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ACA Items Employers should consider

Sep 8, 2015 12:17:00 PM

There are a number of items employers should consider when preparing employee medical coverage plans. Planning medical coverage can be difficult and confusing to adhere with new Affordable Care Act laws. Below are five items to keep in mind to stay compliant.

1. Embed individual out-of-pocket (OOP) limits.
The ACA’s annual in-network OOP statutory limit for self-only coverage ($6,850) applies to all individuals, whether enrolled in self-only coverage or another tier (e.g., family). Be sure to confirm your medical carrier’s capabilities to adjudicate this benefit design feature. The penalty for non-compliance is $100 per day per individual.
2. Offer MEC to 95% of full-time employees.
Under the ACA employer mandate, large employers must offer minimum essential coverage (MEC) to “substantially all” full-time employees and their dependent children (not spouses/domestic partners). In 2016, the “substantially all” percentage increases from 70% to 95%. Employers could be subject to assessments if at least one full-time employee receives tax-subsidized public exchange coverage. The assessment is an annual payment of $2,160 for each full-time employee minus the first 30 full-time employees.

3. Update FPL affordability safe harbor (generally $93 per month).
The IRS established three affordability safe harbors employers may use to show coverage is affordable — Federal Poverty Level (FPL), W-2 wages, and rate-of-pay. For plan years beginning on or after July 22, 2015, the FPL safe harbor is $93 per month based on the 2015 FPL of $11,770 (higher in Alaska and Hawaii). The potential assessment for non-compliance is the lesser annual payment of:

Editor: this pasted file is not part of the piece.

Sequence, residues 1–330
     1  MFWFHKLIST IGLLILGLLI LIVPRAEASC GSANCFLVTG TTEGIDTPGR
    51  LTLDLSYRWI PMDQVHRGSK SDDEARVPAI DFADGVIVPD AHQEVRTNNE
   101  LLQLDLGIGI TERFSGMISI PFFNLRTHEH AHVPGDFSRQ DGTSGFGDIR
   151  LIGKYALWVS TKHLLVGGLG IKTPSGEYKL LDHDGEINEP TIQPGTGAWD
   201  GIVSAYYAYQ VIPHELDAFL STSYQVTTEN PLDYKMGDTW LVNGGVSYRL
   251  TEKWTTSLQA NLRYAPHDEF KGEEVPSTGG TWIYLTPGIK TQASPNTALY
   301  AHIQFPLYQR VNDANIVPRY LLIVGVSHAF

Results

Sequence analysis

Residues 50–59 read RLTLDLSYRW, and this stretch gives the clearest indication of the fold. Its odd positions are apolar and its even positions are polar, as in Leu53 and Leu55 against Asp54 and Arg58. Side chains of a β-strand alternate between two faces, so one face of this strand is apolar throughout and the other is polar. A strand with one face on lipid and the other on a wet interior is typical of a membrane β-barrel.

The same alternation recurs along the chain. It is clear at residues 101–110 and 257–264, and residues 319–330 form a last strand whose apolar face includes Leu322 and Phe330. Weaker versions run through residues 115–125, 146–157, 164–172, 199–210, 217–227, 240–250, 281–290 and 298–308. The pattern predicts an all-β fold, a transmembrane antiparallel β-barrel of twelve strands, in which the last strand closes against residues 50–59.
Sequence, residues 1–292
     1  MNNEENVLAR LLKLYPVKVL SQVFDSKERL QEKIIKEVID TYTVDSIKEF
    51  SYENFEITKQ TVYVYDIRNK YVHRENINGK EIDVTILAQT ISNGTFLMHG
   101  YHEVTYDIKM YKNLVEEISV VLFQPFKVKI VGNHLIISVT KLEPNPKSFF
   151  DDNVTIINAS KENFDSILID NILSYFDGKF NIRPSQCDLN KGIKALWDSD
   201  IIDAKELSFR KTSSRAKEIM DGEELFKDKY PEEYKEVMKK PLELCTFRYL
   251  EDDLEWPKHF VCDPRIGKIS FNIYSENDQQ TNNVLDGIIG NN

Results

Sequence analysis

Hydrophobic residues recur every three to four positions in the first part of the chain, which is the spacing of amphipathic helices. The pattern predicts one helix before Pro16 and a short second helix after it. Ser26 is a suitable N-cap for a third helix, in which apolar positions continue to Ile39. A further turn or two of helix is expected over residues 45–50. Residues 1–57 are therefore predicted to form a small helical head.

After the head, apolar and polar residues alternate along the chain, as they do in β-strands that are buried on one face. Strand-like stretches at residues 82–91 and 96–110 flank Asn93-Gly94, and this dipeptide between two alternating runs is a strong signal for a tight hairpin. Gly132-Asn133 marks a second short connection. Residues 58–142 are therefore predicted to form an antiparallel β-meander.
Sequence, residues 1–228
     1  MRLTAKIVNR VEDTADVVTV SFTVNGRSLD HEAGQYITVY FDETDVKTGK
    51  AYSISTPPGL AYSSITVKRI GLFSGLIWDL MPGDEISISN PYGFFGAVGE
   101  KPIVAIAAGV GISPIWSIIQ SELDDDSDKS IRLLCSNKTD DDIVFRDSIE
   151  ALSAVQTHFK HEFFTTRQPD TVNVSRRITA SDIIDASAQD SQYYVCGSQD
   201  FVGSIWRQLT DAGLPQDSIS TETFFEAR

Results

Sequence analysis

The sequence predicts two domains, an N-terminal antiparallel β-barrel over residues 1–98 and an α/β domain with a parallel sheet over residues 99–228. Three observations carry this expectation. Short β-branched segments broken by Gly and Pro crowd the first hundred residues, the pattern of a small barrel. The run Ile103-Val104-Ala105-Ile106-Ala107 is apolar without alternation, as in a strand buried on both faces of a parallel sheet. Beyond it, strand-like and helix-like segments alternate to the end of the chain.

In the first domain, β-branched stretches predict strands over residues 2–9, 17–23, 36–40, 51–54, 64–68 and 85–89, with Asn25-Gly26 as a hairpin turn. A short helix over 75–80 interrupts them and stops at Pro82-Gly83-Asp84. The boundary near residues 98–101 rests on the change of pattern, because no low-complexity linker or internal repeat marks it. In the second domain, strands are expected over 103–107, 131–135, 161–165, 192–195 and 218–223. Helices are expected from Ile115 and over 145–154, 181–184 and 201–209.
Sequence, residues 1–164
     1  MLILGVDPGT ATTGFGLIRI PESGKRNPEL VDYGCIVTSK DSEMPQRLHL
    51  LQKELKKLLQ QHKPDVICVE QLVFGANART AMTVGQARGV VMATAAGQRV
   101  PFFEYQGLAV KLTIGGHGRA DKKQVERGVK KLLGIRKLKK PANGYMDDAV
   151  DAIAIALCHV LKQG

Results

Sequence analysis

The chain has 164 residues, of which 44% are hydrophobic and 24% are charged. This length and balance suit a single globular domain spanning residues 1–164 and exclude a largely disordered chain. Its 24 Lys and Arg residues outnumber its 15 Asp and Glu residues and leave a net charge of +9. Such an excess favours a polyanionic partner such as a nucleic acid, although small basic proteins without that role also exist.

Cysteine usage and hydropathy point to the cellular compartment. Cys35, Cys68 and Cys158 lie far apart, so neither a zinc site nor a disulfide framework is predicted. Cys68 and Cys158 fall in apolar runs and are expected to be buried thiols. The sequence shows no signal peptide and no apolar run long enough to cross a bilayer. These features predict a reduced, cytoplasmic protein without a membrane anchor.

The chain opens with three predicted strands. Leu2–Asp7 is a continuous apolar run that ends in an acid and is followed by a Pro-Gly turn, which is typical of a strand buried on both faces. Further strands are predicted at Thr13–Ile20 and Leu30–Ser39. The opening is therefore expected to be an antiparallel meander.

$3,240 for each full-time employee receiving tax-subsidized public exchange coverage
$2,160 for each full-time employee minus the first 30 full-time employees

4. Consider treatment of opt-out credits in affordability calculations.
A recent IRS FAQ regarding HIPAA’s health status nondiscrimination rules states that the required contribution of any employee eligible for a cashable opt-out (in this case, targeted “unhealthy” employees) would be the premium contribution plus the opt-out amount — raising the required employee contribution by the amount of the cashable opt-out. It’s unclear if this same analysis applies when calculating the affordability of coverage under the ACA’s play-or-pay requirements, individual mandate, and eligibility standards for public exchange subsidies. Employers with opt-out designs should review their plan’s affordability with their legal advisors. The potential assessment is same as for #3 above.

5. Prepare for play-or-pay and MEC reporting.
The IRS will use the information from Forms 1094 and 1095 filings to confirm subsidy entitlement and assess payments under the individual coverage mandate and the employer shared-responsibility provisions. The first year for which the reporting is required is 2015, due in early 2016. Rules allow for a 30-day deadline extension for both furnishing the individual statements and filing the IRS transmittal, but each requires timely employer action. Employers filing late or inaccurate Forms 1094 and 1095 are subject to penalties of $250 per return, up to a $3 million maximum.
Keeping in mind the five items above is a great place to state to make sure the Medical Care Plans you're planning for your employees say compliant with ACA laws and help you avoid errors and fines. For information about errors and fines visit our blog that quickly breaks down the new "Increase in Penalties for Failure to File Correct Information Returns"

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